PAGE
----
The Senate approved the Treaty of Guadalupe Hidalgo, ending the Mexican-American War. Under the terms of the treaty, Mexico ceded a vast amount of territory to the United States, including about 70 percent of present-day Arizona.
The Senate passed the act organizing the New Mexico Territory, which included much of present-day Arizona. The act was the first of five known collectively as the Compromise of 1850.
U.S. Minister to Mexico James Gadsden negotiated with Mexico leader Santa Anna to purchase more territory, including the remaining 30 percent of Arizona. This became known as the Gadsden Purchase.
The Senate passed legislation organizing Arizona as a separate territory. Four days later, the president signed the bill.
President William Howard Taft vetoed a joint resolution for the admission of Arizona to statehood because he objected to a provision in the Arizona constitution permitting the recall of judges. In December the people of the territory voted to remove the recall provision but after admission to statehood in 1912, the voters reinstated the provision.
Arizona became the 48th state in the Union.
Henry Fountain Ashurst of Prescott and Marcus Smith of Tucson presented their credentials, took the oath of office, and were seated as Arizona's first United States senators. Both had been elected by the state legislature on March 26. The senators then drew lots to determine their class assignments. Senator Ashurst drew Class 1, with a term to expire March 3, 1917. Senator Smith drew Class 3, with a term to expire March 3, 1915.
Carl Hayden of Phoenix, who had represented Arizona in the House of Representatives since 1912, began his Senate career. Hayden became Arizona’s longest-serving senator on December 11, 1955, surpassing Henry Ashurst’s total of 28 years, 9 months, and 7 days. Upon his retirement in 1969, Hayden had served in the Senate for 41 years and 9 months, and 30 days.
A statue of John C. Greenway, a Rough Rider and military officer, sculpted by Guzon Borglum, was unveiled in the U.S. Capitol as Arizona's first contribution to the National Statuary Hall Collection. In 2015 Arizona replaced Greenway's statue with one of Barry Goldwater.
President Franklin D. Roosevelt signed the Servicemen's Readjustment Act of 1944, better known as the "GI Bill." Originally proposed by Senator Ernest William McFarland of Florence and unanimously passed by both the House and Senate, the legislation helped returning veterans pay for education and housing to re-enter civilian life.
As chairman of the Joint Congressional Committee on Inaugural Ceremonies, Senator Carl Hayden accompanied President Harry Truman from the White House to the inaugural ceremonies at the Capitol.
Senate Democrats elected Ernest McFarland as their floor leader and Conference chairman and as the Democratic Policy Committee chairman. McFarland held these posts until 1953. He was defeated for reelection to the Senate in 1952 by Barry M. Goldwater of Phoenix.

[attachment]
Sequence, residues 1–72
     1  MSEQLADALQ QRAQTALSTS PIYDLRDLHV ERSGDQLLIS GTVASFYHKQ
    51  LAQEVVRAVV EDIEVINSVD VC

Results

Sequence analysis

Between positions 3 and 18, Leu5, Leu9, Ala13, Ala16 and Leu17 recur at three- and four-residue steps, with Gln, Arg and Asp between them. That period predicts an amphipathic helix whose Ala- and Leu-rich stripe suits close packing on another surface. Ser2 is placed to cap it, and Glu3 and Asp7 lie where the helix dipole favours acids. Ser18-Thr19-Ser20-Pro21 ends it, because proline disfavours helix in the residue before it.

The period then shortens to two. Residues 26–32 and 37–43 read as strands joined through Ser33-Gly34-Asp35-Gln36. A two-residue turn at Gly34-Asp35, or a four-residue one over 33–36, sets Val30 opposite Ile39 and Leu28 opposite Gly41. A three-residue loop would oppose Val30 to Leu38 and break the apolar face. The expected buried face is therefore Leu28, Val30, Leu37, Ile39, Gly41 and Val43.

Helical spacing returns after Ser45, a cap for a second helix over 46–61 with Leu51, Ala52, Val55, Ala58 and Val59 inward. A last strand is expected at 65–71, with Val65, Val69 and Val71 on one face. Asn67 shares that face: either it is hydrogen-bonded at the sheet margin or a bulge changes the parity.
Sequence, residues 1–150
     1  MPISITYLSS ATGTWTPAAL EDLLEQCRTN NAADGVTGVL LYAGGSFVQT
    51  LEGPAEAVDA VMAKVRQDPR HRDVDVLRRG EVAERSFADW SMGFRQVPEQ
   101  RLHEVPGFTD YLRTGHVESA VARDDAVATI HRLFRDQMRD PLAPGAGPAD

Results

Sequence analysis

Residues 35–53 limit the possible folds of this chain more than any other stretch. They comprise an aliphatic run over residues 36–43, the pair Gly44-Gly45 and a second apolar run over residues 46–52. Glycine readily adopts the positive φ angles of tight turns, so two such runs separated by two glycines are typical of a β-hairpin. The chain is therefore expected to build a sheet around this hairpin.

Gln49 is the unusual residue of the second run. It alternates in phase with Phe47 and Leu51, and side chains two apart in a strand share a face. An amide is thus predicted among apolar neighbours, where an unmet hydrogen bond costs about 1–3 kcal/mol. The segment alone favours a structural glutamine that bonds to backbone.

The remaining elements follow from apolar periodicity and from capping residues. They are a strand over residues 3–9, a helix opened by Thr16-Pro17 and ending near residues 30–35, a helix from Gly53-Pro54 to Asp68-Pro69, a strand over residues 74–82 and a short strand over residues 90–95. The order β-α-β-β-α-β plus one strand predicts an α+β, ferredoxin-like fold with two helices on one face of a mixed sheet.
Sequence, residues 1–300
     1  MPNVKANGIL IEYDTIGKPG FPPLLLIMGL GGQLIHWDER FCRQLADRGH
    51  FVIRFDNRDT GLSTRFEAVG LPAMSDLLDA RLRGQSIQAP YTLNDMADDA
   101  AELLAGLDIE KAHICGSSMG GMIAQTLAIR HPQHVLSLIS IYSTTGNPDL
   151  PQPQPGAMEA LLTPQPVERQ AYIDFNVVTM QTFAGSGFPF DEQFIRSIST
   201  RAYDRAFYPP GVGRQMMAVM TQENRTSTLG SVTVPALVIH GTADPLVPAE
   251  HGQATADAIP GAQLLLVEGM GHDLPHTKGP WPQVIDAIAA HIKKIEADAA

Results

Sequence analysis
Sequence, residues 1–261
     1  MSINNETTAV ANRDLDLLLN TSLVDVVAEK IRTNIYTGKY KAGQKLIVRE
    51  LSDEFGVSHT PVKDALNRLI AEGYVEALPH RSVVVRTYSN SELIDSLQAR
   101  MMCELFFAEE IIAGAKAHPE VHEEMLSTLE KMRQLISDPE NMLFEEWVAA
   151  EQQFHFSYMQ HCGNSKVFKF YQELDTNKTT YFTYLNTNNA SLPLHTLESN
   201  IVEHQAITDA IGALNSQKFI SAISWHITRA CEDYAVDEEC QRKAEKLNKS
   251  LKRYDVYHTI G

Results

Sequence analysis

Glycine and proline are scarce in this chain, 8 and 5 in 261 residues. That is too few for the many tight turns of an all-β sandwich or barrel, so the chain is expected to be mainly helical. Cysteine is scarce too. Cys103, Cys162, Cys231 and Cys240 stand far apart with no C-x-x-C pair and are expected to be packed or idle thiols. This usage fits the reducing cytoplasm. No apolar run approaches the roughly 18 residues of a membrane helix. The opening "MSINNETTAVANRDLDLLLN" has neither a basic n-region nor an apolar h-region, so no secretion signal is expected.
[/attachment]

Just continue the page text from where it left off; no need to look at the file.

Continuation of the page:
Former senator Ernest McFarland was elected governor of Arizona and served from 1955 to 1959.
Senator Barry Goldwater published The Conscience of a Conservative, promoting a revival of conservatism.
Senator Barry Goldwater won the Republican Party nomination for president of the United States but was defeated in November by the incumbent president, Lyndon B. Johnson. Although Goldwater did not stand for reelection to the Senate that year, he returned to the Senate after winning election in 1968.
The Senate approved the "DeConcini Reservation" to the first of the Panama Canal Treaties. Offered by Senator Dennis DeConcini of Tucson, the provision authorized the use of military force "to reopen the Canal or restore operations to the Canal" if necessary, and helped secure sufficient support to win passage of the treaties.
Barry Goldwater became chairman of the Senate Select Committee on Intelligence, serving until 1985, when he became chairman of the Senate Committee on Armed Services . He chaired that committee until his retirement in 1987.
Senator Barry Goldwater received the Presidential Medal of Freedom, given by the president of the United States to honor individuals who have made great contributions to either the United States or the world. To date, 30 senators have received the award.
The Senate dedicated a portrait bust of former senator Carl Hayden, sculpted by Stafford Rolph. The bronze bust is located in the northwest corner of the Russell Senate Office Building, on the first floor, near the office that Senator Hayden had occupied for more than 20 years.
President Ronald Reagan signed the Goldwater-Nichols Act. Sponsored by Arizona senator Barry Goldwater and Alabama representative William Nichols, the act reorganized the Department of Defense and streamlined the military chain of command.
John McCain became chairman of the Senate Committee on Commerce, Science, and Transportation, serving until 2001, and again from 2003 to 2005.
Senator John McCain began a book tour in support of Faith of My Fathers, a biography that became a national best seller.
Senator John McCain won the Republican presidential primary in New Hampshire but lost the presidential nomination to George W. Bush later in the year.
Jon L. Kyl of Phoenix was elected chairman of the Senate Republican Policy Committee for the 108th Congress, a position he held until 2007, when he became Republican Conference chairman.
Kyrsten Sinema switched her political party affiliation from Democratic to Independent. While she received her seniority and committee assignments through the Democratic Conference for the purposes of organizing the Senate, she indicated she would not participate in either party caucus.